White-rumped Sandpiper Calidris fuscicollis breeds in high-Arctic Alaska and Canada, wintering mainly in South America; rarely reaches Japan and even more rarely the coast of China (Beidaihe). HABITAT Wetter habitats than Baird’s Sandpiper C. bairdii. With primaries projecting more than a centimeter beyond tail tip, and with its short legs, has low, elongated profile, like Baird’s. Unlike Baird’s, has U-shaped white uppertail coverts, conspicuous in flight, a distinct white supercilium, and bold triangular marks along breast, belly, and flanks and in breeding plumage is more rufous than buff on crown and upperparts. (Streaking of Baird’s is fainter and absent on flanks.) Juvenile shows distinct rufous color on mantle and streaked crown and ear coverts, and two white bands along mantle and scapulars. Winter greyer than Baird’s, with prominent white supercilium and flank streaking. Feeds in “sewing machine” fashion like Dunlin C. alpina, but Dunlin larger and has shorter primary projection (and has black central band from rump to tail. BARE PARTS Bill black with pinkish-brown base (bill of Baird’s and Dunlin completely black); legs black. VOICE Thin, squeaky call. — Craig Brelsford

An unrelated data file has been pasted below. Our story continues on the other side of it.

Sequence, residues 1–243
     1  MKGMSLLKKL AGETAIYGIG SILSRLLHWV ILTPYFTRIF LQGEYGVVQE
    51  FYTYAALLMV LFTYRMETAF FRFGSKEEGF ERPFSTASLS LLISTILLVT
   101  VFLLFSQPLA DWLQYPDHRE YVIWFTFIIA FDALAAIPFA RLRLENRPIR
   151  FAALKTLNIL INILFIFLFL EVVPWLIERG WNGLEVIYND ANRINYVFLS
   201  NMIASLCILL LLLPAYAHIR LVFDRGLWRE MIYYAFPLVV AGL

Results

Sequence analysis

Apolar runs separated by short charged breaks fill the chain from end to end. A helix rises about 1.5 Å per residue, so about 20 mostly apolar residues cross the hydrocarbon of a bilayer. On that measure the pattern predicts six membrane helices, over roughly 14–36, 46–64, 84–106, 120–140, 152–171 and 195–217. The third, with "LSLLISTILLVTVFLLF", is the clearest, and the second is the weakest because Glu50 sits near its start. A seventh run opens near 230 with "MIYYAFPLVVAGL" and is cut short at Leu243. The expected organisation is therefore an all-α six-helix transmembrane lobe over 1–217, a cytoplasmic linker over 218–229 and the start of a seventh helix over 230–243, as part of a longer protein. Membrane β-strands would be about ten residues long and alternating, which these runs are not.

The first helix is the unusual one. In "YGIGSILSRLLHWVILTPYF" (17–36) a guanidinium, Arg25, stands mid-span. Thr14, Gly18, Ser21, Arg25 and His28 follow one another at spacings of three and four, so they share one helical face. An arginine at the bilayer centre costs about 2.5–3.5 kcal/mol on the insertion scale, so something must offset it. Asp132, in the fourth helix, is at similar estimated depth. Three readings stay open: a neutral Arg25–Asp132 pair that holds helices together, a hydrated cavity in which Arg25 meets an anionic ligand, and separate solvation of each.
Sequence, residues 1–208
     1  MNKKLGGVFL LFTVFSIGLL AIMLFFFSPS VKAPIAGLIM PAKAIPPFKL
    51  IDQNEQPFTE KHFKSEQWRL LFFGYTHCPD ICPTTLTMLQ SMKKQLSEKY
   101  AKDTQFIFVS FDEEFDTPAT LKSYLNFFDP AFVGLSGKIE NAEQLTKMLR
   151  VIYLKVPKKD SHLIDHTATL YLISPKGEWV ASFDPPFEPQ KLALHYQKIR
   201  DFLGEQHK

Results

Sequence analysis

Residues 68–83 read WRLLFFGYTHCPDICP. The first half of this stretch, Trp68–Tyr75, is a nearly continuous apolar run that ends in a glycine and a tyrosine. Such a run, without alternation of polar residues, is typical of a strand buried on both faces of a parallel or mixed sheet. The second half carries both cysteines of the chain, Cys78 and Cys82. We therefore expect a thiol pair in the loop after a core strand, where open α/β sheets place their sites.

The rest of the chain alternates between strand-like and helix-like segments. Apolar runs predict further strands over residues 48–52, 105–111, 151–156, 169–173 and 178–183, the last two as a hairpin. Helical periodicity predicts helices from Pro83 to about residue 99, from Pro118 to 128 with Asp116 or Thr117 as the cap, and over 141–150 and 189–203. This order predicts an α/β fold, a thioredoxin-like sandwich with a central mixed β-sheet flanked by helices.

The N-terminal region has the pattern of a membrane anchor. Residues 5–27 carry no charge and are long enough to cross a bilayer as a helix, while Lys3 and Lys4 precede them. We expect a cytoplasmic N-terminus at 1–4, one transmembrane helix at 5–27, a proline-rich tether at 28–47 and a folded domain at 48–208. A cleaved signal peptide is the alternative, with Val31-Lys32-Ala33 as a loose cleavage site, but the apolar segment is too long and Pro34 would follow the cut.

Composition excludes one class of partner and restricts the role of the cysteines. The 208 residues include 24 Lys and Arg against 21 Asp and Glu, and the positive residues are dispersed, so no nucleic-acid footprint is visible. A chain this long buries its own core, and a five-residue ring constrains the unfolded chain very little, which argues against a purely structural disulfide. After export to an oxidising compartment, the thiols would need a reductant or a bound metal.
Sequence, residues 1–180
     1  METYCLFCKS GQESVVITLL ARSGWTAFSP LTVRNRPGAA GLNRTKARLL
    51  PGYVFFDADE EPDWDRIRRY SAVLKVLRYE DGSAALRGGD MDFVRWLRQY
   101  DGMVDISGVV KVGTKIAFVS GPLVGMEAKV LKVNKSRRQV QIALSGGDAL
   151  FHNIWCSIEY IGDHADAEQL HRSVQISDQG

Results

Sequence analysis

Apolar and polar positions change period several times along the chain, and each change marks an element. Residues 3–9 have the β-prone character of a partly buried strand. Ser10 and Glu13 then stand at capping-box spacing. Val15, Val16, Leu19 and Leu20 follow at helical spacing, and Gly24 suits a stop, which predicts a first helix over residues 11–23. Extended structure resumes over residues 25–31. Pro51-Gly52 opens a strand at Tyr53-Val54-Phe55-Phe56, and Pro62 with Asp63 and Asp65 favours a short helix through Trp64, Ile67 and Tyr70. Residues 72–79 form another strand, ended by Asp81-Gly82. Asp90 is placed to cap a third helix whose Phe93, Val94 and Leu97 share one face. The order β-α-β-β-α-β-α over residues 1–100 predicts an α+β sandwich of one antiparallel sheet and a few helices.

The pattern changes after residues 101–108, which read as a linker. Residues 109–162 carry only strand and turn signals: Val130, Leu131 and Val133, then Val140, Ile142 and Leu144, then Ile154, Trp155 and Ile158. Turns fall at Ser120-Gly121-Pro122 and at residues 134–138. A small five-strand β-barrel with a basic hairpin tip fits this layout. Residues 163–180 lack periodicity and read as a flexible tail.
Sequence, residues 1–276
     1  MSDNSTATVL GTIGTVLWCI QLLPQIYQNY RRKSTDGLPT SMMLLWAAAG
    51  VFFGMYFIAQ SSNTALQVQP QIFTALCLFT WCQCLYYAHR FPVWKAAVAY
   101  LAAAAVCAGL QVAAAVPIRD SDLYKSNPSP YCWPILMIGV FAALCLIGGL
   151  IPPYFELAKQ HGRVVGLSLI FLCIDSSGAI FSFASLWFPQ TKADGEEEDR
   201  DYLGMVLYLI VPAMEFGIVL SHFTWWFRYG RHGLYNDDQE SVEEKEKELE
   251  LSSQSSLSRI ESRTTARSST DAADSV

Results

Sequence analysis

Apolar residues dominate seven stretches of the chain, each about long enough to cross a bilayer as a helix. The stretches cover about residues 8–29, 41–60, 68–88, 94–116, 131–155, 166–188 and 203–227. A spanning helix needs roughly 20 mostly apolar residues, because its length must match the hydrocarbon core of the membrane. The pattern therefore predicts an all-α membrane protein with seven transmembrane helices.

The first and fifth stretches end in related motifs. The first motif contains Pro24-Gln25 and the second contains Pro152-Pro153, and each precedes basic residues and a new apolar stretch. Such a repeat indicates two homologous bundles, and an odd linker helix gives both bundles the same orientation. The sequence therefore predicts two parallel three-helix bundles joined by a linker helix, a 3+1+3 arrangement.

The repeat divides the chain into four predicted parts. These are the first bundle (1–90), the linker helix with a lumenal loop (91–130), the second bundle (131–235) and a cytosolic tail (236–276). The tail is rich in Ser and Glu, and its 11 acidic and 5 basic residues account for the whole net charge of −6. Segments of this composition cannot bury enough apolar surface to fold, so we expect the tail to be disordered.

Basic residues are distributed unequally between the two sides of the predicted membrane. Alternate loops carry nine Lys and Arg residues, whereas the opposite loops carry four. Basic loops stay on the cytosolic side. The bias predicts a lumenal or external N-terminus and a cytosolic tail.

Daniel Bengtsson served as chief ornithological consultant for Craig Brelsford’s Photographic Field Guide to the Birds of China, from which this species description is drawn.